Sometimes, moving a building (like a lighthouse) is about preserving historic architecture or cultural heritage. But for one significant structure in Guadalajara, Mexico, the stakes were considerably higher.
Back in 1950, city officials decided to widen a major avenue and a lot of buildings were just demolished to make way. But weighing in at around 1700 tons, the Mexican Telephone and Telegraph Company was critical to the area’s communications infrastructure — knocking it down would have disrupted local telephone service for at least a week.
Jorge Matute Remus, dean of the city’s university and a civil engineer, came forward with a solution. He suggested the entire building be lifted and moved, all while leaving the communications lines wired up and keeping the operators at work inside of the structure.
Naturally, some of the workers were nervous about this idea. Matute Remus was sympathetic to their concerns, and wanted to reassure these operators and make them feel safe. So his wife Esmeralda agreed to also go into the building while it was being moved. She even took along their seven-year-old son, Juan Jorge.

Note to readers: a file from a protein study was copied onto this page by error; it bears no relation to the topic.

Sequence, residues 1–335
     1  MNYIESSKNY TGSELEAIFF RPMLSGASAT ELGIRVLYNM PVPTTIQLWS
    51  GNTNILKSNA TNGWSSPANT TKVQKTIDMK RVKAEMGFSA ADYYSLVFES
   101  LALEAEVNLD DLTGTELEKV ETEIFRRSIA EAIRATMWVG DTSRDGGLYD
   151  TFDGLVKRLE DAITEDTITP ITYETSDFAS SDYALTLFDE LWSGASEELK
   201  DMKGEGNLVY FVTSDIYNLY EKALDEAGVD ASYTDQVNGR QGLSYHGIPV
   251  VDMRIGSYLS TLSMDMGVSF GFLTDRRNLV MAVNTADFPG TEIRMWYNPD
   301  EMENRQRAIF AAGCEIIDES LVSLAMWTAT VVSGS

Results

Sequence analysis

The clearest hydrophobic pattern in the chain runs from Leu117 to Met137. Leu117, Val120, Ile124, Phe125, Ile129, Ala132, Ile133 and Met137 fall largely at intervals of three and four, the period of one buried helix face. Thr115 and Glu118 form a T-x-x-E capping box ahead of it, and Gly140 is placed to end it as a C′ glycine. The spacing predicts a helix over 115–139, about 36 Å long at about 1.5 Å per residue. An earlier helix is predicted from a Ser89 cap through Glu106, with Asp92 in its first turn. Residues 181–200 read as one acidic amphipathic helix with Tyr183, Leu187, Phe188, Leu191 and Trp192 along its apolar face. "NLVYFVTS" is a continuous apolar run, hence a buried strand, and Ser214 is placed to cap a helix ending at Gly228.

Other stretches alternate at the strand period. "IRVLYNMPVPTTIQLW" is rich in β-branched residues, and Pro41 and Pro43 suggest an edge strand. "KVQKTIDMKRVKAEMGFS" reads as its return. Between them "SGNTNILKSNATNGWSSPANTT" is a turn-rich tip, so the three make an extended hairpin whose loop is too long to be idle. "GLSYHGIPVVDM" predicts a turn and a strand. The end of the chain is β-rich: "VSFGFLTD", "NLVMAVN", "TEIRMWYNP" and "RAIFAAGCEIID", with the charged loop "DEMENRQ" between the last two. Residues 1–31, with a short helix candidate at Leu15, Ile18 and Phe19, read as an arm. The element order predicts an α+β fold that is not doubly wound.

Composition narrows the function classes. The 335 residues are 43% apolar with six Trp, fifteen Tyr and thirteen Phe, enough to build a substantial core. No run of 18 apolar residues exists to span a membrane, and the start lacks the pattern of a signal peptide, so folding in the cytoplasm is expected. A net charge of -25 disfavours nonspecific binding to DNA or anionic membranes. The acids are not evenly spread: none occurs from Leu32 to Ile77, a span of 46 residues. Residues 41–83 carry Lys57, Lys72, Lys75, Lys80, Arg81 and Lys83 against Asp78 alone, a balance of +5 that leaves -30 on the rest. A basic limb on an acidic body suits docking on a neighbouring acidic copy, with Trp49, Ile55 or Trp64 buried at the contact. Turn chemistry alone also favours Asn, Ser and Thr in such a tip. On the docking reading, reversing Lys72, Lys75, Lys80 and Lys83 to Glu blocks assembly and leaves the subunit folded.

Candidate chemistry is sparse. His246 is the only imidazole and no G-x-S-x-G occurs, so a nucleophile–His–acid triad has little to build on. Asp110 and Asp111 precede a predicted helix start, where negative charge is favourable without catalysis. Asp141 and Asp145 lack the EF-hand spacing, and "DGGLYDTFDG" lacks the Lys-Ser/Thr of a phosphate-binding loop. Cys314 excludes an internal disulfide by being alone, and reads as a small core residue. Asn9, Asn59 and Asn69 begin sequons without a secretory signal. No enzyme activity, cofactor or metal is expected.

As she recalls in the video above, they couldn’t even feel the motion of the building as it was slowly shifted about 40 feet to its new location. The whole move was done in just five days, with no interruption to phone service, and deemed a big success for the city. It was all accomplished on a budget of around $100,000, a fraction of what it would have cost to demolish the structure and build a replacement.
Today, nearly 70 years later, the building is still standing, and a sculpture of Matute Remus stands outside one entrance — this life-sized figure of him appears to be pushing the building. Next to it, a plaque on the facade recalls his civil service and engineering genius.
Special thanks to Tamara Solorzano who wrote in from Guadalajara to share this story of a hometown hero’s clever building move.